These days, Tom Trinder not only feeds his herd and manages his pasture, he checks his phone for updates on his cows and watches his computer for details on energy usage.
What he doesn’t spend any time doing on his New York farm is milking.
Over the past 12 years, Trinder has taken a more progressive approach to dairying by transitioning what was a conventional operation into one that milks cows by way of robotic technology and also engages in energy efficiency.
“If you’re not going to get bigger, you have to get better,” says Trinder, who spent 20 years with Dairylea Cooperative before joining Dairy Farmers of America after the April 1 merger of the two cooperatives.
In 2002, Trinder implemented a managed grazing program, which paved the way to becoming certified organic the next year. Nine years later, the technology upgrades began, first with the installation of robotic milkers, then the addition of a windmill and solar panels for energy production.
"I’m a relatively small farm,” he says. “I felt if I could cut my costs and cut labor, I could stay in business much longer that way. I’m 67 right now, and I figure I’ve got five to 10 years in me with these changes. It’s a lot easier working on this farm now.”
Trinder has lived on Trinder Farm LLC in Fabius, N.Y., since his father founded the operation in 1952, when Tom was 5. He purchased the farm from his father in 1978. Manager Nancy Wood has worked full time at the dairy since 1978.
Four years ago, the 1965 milk parlor had reached a serious state of disrepair. In addition, after decades of milking cows twice a day, Wood needed to make her own health a priority.
“I’d milked cows for 30 years,” she says. “I had carpal tunnel and other health issues. And it’s hard to find help, too.”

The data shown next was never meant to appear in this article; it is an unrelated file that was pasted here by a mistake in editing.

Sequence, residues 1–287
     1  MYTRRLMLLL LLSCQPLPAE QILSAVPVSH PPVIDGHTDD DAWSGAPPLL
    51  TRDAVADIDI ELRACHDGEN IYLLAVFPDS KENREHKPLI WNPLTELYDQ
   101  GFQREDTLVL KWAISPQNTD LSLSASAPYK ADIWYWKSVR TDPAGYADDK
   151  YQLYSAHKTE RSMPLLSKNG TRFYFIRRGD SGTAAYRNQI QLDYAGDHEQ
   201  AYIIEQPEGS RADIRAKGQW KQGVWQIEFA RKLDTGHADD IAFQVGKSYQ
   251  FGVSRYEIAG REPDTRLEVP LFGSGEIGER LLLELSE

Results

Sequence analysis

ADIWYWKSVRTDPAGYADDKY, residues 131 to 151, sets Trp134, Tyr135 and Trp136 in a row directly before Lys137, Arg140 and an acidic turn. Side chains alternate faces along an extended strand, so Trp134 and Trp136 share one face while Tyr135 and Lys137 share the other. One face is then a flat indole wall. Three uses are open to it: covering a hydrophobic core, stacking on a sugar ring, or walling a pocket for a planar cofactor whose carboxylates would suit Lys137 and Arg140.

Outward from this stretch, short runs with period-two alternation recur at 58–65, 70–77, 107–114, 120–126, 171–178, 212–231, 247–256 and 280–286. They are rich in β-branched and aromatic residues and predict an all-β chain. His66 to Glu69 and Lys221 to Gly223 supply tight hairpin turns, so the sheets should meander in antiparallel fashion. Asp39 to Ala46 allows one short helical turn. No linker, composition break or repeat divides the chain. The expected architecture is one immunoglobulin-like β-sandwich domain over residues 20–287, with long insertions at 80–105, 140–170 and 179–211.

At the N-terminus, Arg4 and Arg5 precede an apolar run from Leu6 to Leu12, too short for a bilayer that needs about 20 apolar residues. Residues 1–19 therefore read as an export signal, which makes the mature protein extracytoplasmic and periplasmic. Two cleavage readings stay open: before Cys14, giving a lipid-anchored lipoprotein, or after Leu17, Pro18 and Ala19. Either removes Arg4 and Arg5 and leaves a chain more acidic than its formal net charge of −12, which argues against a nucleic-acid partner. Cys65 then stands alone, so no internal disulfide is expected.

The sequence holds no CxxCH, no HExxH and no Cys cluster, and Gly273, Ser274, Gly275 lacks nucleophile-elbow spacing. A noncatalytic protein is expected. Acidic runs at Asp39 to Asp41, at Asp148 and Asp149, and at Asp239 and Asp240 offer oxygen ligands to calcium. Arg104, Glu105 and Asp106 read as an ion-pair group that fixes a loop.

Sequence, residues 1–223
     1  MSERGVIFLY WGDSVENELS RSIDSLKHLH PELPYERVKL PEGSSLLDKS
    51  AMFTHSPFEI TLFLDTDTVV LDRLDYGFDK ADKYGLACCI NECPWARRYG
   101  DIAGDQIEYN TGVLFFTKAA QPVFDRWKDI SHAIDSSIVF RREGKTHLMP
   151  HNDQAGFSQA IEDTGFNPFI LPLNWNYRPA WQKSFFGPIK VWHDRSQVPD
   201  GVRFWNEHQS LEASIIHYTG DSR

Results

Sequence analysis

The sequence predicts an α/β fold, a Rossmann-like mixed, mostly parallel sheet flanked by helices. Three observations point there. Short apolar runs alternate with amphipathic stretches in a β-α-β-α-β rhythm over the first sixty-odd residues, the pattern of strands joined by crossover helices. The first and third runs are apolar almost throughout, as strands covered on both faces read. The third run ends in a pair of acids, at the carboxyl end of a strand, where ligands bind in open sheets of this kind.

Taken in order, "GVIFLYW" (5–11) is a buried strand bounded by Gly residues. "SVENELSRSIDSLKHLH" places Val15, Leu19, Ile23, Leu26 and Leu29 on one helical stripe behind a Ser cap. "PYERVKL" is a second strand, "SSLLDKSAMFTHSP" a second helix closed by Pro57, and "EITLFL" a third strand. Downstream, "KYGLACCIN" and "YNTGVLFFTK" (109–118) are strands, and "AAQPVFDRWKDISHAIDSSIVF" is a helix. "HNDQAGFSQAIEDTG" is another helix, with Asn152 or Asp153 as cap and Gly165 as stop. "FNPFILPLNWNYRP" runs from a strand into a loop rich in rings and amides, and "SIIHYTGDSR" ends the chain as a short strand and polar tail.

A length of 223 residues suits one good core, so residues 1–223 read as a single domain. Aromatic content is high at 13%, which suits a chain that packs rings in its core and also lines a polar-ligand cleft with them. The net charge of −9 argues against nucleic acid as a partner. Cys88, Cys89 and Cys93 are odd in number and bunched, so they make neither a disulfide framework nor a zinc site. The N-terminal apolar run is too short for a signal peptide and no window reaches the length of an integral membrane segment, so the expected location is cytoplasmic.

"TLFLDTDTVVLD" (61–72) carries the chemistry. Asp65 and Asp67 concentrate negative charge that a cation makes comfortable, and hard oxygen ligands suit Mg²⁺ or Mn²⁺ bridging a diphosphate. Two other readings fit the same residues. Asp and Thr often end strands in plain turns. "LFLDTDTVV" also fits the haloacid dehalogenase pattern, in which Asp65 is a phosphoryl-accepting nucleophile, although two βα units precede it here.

Of even greater concern for Trinder was watching Wood overcome cancer on two occasions.
“I wanted to make sure she had more time off,” he says.
The solution: Let the robots handle the milking.
Two robots milk the farm’s 128 cows between two and six times per day. Trinder says training the cows to use the robotic system was surprisingly simple. He and Wood handled programming the robots to recognize each cow.
“We thought it was going to take a week, but within three days, they were pretty well programmed in,” Trinder says. “Before we started milking there, we started pushing the cows through, giving them grain. That’s how we broke them in.”
One issue on which they required guidance was how to integrate the grazing system into a milking program in which the cows would have access to the robotic milking system throughout the day.
They turned to fellow DFA member Chuck Deichmann for advice. According to Trinder, Diechmann was the first New York organic dairy to implement a robotic system.
“He came to our farm before we installed the system and I asked him that very question,” Trinder recalls. “He said, ‘Just leave some feed in the bunk.’ It was just that simple. If they know they can come back and get a little haylage out of the feed bunk or some hay, they will come back and utilize those robots. If you see our grazing area, you’ll see we have multiple areas for them to go and come back through. They can be going out as they come back, just like a highway.”
The herd has access to pasture and the milking equipment 24 hours a day, seven days a week.